Trump administration ‘pleased’ by Supreme Court ruling in favour of bakery that refused to serve gay couple

White House Press Secretary Sarah Huckabee Sanders has celebrated the Supreme Court’s ruling in favour of a baker who refused to serve a gay couple.

The court ruled 7-2 in favour of Colorado’s Masterpiece Cakeshop on Monday.

Bakery owner Jack Phillips launched a legal challenge to state anti-discrimination laws after refusing to serve gay couple David Mullins and Charlie Craig when he found out they were celebrating their wedding.

The court’s narrow opinion avoided setting a wider precedent of what discrimination is permissible in the name of religious freedom, though it did find that the Colorado Civil Rights Commission’s actions in ordering Phillips to serve gay customers was discriminatory.

The ruling was celebrated by White House Press Secretary Sarah Huckabee Sanders, who said the Trump administration was “pleased” by the result in her daily press conference.

White House press secretary Sarah Huckabee Sanders answers questions during the daily briefing at the White House June 4, 2018 in Washington, DC. (Win McNamee/Getty)

Sanders said: “When it comes to the bakers, we were pleased with the Supreme Court’s decision.

“The First Amendment prohibits government discriminating against the basis of religious beliefs, and the Supreme Court rightly concluded that the Colorado Civil Rights Commission failed to show tolerance and respect for his religious beliefs.”

However, Sanders was caught in a bind when Peter Alexander of NBC News asked why the president’s support for “free speech” did not extend to NFL athletes making protests about racism. Trump has called for harsh sanctions for players who protest by kneeling during the national anthem.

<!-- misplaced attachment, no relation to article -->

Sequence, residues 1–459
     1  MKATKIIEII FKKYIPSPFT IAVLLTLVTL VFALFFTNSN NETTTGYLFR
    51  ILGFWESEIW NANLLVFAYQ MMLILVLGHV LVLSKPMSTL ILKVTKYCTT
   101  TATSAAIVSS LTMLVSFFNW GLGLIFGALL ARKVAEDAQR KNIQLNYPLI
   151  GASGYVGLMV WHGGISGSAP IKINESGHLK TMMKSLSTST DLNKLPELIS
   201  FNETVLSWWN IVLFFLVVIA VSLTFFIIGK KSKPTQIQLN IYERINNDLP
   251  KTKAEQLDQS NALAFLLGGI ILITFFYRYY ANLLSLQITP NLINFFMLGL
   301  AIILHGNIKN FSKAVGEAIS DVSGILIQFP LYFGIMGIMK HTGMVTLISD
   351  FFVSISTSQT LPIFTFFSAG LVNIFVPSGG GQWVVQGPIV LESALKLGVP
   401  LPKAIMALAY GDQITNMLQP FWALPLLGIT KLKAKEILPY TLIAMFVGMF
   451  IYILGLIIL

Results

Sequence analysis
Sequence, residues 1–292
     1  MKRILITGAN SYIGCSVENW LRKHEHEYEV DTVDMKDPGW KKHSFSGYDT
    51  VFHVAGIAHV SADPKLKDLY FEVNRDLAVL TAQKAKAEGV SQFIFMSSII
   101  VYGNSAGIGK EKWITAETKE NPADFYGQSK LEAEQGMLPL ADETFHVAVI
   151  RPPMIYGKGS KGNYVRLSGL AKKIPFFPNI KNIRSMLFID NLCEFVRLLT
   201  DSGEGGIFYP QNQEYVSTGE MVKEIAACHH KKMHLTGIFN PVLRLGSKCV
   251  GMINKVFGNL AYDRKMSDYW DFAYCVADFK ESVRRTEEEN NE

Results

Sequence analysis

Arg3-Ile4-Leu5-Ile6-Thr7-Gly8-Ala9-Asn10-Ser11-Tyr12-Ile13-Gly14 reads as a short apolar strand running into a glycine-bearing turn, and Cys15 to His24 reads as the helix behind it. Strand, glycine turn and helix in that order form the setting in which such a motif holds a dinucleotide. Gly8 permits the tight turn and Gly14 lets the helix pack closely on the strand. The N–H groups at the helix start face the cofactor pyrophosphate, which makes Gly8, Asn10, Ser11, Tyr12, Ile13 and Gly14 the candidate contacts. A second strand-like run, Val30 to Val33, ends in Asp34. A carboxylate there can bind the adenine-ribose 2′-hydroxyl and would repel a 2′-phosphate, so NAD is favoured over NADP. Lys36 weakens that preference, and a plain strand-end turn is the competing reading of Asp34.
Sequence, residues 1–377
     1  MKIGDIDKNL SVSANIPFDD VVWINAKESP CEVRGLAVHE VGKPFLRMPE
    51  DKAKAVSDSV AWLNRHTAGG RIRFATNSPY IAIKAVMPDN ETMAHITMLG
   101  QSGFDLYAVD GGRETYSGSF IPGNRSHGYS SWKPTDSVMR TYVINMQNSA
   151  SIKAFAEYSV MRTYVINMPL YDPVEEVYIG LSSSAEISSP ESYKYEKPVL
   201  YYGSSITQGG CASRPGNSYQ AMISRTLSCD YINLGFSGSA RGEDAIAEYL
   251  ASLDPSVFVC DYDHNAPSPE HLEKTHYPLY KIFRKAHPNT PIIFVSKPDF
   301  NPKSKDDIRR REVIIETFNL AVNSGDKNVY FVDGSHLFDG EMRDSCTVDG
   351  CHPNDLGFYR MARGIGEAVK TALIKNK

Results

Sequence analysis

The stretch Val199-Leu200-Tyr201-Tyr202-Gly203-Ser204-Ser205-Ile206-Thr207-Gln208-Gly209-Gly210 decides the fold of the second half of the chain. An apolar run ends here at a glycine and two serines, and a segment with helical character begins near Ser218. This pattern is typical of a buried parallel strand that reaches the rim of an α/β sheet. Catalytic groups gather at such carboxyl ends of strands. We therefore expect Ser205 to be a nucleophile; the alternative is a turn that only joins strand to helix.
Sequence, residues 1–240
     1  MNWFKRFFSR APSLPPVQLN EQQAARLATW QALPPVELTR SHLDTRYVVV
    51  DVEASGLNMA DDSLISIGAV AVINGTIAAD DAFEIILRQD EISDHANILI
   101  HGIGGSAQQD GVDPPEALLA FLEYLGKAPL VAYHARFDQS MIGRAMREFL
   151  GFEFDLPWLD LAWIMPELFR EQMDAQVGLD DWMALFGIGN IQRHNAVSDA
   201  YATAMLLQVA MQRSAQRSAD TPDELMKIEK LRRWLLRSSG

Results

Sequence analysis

Alexander asked: “If the White House supports the baker’s right of free speech, why doesn’t the White House support the players’ right to free speech?”

Sanders responded: “The president doesn’t think that this is an issue simply of free speech. He thinks it’s about respecting the men and women of our military. It’s about respecting our national anthem. And it’s about standing out of pride for that.”

The Trump administration filed a legal brief in support of Masterpiece Cakeshop which supported the right of business owners to discriminate against LGBT customers.

White House press secretary Sarah Huckabee Sanders answers questions during the daily briefing at the White House June 4, 2018 in Washington, DC. (Win McNamee/Getty)

The Justice Department delivered oral arguments as part of the baker’s defence, arguing that it has a “substantial interest” in the case to protect “free expression.”

The department said ruling against the bakery could create an “intrusion” against the First Amendment “where a public accommodations law compels someone to create expression for a particular person or entity and to participate, literally or figuratively, in a ceremony or other expressive event.”

An official said the administration intervened “because the First Amendment protects the right of free expression for all Americans.”

US President Donald Trump and US Vice President Mike Pence (SAUL LOEB/AFP/Getty)

“Although public-accommodations laws serve important purposes, they — like other laws — must yield to the individual freedoms that the First Amendment guarantees,” the official added.

“That includes the freedom not to create expression for ceremonies that violate one’s religious beliefs.”

The baker was defended by hardline anti-LGBT law firm Alliance Defending Freedom, which has sought to undermine LGBT rights protections in a number of states.

Though the ADF framed the issue around a religious objection to same-sex marriage, their other cases show a much wider support for anti-LGBT discrimination.

The law firm has sued a school district over a transgender non-discrimination policy, and defended a T-shirt printer who refused an order from a Pride celebration.